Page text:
- Very good setup tool
- excellent bundle of applications
- drivers handle modern hardware
- clear documentation and good support options
- May be fiddly to install on older systems
Under Novell’s ownership, SUSE Linux has been directed towards home and small business users, with Novell Linux Desktop -- also based on SUSE -- targeted at businesses. Despite its market positioning, SUSE Linux 10 is well worth considering for business use. It has a lot in it, and is closer in price to the old Professional version of SUSE 9.
SUSE Linux 10 includes some features not yet supported in Novell Linux Desktop, but which may come on-board the enterprise flagship in due course. These include XEN, for virtualisation, Beagle for desktop search, and the Mono open source development environment.
SUSE Linux is available as a free unsupported download, or as a supported package costing €51.68 (~£35; ex. VAT). It comes with a well-produced manual on paper (remember those?), and installs from five CDs or one DVD. The software installs with a software assistant, YaST2 (Yet another Setup Tool), which has a friendly, no-nonsense interface.
We first attempted to install SUSE Linux 10 on a nondescript HP desktop (a d330uT with a 2.4GHz Pentium 4 and 512MB of RAM). The disk partitioner in YaST2 could not handle the HP’s drive -- most likely due to hardware problems, not the software -- and we found the installation was way too slow on a virtual machine, with 128MB of RAM, under VMware.
Undaunted, we grabbed a more modern system, which happened to be a notebook -- Acer's TravelMate C310 Tablet PC. We were concerned that SUSE’s drivers would not be up-to-date enough, but needn’t have worried: given more modern hardware to use, SUSE Linux leapt off the DVD, and quickly configured itself for the hardware available, including sound and graphics, plus the Gigabit Ethernet and Wi-Fi connections.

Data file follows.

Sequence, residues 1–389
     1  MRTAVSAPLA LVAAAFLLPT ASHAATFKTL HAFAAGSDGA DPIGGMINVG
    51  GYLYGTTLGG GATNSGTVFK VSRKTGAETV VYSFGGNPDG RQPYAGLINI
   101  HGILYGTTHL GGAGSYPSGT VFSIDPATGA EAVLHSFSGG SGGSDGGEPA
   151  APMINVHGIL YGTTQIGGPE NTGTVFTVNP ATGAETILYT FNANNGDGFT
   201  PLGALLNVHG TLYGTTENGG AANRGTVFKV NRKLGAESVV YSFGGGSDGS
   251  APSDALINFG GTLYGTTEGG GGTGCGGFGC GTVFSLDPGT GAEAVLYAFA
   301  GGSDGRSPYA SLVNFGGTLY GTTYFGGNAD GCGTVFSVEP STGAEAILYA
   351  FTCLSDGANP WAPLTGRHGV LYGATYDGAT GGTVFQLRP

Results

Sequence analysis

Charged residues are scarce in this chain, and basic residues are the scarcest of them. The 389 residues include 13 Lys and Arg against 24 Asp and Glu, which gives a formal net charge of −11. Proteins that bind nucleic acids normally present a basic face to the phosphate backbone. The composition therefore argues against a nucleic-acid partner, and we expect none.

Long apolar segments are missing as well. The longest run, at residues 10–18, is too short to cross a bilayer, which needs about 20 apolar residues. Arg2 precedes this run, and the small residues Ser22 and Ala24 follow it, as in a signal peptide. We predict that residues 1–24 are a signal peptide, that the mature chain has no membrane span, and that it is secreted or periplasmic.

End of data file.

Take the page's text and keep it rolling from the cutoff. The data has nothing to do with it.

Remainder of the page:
Connecting to the (Windows-based) office LAN took a while to work out. An icon on the top bar shows as a red cross if no network connection exists, and changes when the connection is activated. To activate a connection (in this case the Wi-Fi or Ethernet link), you need to configure the settings for that connection, in a pull-down menu, After this, you need to pull the menu down again to make one of the connections active -- a reasonable and logical procedure that nevertheless foxed us almost to the extent of opening the manual.
SUSE is happy on a notebook, handling power management through ACPI, and audio functions out of the box. There isn’t a SUSE version for Tablet PCs, but, according to a bit of Google research, others have managed to get SUSE working in Tablet mode, including the active touch-screen (using ksynaptics) and the rotating screen (using xfrand). Given time, we might do the same.
The installation went smoothly and quickly, thanks to the notebook's ability to read the single-disk DVD copy of the software. YaST2 reduced the size of our Windows partition to make room for SUSE, suggesting a sensible size for the new partition, and created a 1GB swap file.